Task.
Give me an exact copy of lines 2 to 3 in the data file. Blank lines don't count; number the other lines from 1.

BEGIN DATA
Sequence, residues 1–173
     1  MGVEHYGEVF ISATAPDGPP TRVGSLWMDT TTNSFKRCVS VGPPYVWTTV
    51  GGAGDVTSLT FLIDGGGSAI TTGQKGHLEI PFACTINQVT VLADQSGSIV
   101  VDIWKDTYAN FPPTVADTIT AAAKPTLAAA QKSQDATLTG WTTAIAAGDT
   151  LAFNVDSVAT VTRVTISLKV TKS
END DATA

     1  MGVEHYGEVF ISATAPDGPP TRVGSLWMDT TTNSFKRCVS VGPPYVWTTV
    51  GGAGDVTSLT FLIDGGGSAI TTGQKGHLEI PFACTINQVT VLADQSGSIV